Joseph B. Wirthlin

"Despite dismal conditions in the world and the personal challenges that come into every life, peace within can be a reality. We can be calm and serene regardless of the swirling turmoil all about us. Attaining harmony within ourselves depends upon our relationship with our Savior and Redeemer, Jesus Christ, and our willingness to emulate him by living the principles he has given us...The phrase 'Peace, be still' (Mark 4:39), that the Savior uttered when he calmed the storm-tossed sea, can have the same calming influence upon us when we are buffeted by life's storms." ("Peace Within," Ensign, May 1991, 37)

Jeffrey R. Holland

"I know some of you do truly feel at sea, in the most frightening sense of that term. Out in troubled waters, you may even now be crying with the poet:

It darkens. I have lost the ford.

There is a change on all things made.

The rocks have evil faces, Lord,

And I am [sore] afraid.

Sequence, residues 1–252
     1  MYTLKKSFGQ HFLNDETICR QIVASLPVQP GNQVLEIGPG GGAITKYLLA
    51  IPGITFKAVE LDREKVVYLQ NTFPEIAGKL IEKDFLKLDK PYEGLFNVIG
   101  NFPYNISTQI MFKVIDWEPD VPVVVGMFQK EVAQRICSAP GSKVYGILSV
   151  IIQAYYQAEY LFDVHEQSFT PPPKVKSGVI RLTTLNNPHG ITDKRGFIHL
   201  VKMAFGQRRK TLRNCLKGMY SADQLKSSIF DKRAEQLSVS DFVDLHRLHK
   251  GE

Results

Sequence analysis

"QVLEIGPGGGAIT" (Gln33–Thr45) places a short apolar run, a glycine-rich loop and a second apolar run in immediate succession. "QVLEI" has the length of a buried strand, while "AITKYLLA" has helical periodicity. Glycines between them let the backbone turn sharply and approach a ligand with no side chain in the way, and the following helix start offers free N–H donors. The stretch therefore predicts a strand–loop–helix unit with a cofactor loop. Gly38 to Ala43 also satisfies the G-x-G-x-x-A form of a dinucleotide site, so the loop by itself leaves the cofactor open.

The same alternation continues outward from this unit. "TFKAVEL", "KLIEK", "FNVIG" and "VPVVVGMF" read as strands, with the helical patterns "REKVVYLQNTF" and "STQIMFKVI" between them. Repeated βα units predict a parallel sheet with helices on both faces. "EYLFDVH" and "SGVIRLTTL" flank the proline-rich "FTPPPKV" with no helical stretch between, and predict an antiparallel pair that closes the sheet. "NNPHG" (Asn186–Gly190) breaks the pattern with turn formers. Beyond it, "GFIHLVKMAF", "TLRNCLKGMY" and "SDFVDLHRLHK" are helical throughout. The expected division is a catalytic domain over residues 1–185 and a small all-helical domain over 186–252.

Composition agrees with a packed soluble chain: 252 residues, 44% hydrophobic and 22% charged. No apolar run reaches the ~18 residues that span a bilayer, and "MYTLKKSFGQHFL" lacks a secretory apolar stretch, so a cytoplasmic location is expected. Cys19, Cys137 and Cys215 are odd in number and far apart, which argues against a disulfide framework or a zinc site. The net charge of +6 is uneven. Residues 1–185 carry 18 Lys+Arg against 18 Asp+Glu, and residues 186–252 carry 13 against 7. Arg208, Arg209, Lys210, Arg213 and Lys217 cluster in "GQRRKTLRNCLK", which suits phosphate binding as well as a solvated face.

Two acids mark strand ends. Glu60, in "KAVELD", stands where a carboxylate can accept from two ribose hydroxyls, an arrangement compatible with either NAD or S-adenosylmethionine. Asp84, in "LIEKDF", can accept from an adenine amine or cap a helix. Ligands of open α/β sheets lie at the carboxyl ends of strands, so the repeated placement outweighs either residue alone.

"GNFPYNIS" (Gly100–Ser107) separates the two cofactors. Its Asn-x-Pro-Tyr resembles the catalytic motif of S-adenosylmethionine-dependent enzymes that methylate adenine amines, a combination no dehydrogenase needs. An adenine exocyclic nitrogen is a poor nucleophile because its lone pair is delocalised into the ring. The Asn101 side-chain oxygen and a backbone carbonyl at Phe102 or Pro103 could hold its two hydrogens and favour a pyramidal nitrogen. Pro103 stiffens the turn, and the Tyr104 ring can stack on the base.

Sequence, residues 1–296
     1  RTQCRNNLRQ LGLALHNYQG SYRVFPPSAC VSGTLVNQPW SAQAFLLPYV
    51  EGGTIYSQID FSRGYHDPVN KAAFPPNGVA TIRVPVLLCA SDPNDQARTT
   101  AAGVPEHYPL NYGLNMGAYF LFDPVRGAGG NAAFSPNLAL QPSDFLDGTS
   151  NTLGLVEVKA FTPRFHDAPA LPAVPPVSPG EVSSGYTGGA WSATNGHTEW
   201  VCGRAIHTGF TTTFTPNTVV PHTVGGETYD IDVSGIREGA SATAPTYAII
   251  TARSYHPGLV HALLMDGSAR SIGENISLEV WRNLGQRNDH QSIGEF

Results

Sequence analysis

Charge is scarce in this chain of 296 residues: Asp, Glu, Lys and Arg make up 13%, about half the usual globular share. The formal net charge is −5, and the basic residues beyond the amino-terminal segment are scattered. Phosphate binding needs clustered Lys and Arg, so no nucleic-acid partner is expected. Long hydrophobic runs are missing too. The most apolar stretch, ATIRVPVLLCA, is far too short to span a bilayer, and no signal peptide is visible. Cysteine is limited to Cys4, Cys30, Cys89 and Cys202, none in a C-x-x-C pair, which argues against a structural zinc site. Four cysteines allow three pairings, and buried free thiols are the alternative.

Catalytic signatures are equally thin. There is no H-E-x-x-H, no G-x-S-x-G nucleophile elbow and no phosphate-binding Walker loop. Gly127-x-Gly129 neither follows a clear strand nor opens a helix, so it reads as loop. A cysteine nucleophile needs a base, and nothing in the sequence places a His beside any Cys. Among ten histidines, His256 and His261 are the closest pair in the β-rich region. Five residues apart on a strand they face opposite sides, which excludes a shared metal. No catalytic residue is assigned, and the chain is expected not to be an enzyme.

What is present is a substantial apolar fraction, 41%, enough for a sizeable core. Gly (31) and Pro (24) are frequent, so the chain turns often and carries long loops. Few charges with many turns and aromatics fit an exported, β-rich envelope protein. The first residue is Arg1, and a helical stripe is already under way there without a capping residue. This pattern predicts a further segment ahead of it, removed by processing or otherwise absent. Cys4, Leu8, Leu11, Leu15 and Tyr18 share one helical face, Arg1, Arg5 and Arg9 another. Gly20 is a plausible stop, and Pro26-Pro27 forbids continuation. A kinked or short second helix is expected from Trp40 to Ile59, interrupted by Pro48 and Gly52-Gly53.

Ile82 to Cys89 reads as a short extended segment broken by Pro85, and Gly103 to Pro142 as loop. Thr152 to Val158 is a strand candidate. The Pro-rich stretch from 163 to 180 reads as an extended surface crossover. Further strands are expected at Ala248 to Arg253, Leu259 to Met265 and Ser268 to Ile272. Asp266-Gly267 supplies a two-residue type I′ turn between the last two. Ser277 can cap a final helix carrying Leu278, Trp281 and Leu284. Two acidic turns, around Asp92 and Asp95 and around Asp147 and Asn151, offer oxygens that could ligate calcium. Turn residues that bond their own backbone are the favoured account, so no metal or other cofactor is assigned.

"No, it is not without a recognition of life's tempests but fully and directly because of them that I testify of God's love and the Savior's power to calm the storm. Always remember in that biblical story that He was out there on the water also, that He faced the worst of it right along with the newest and youngest and most fearful. Only one who has fought against those ominous waves is justified in telling us-as well as the sea-to 'be still.' Only one who has taken the full brunt of such adversity could ever be justified in telling us in such times to 'be of good cheer.' Such counsel is not a jaunty pep talk about the power of positive thinking, though positive thinking is much needed in the world. No, Christ knows better than all others that the trials of life can be very deep and we are not shallow people if we struggle with them. But even as the Lord avoids sugary rhetoric, He rebukes faithlessness and He deplores pessimism. He expects us to believe!" ("An High Priest of Good Things to Come," Ensign, Nov. 1999, 36-37)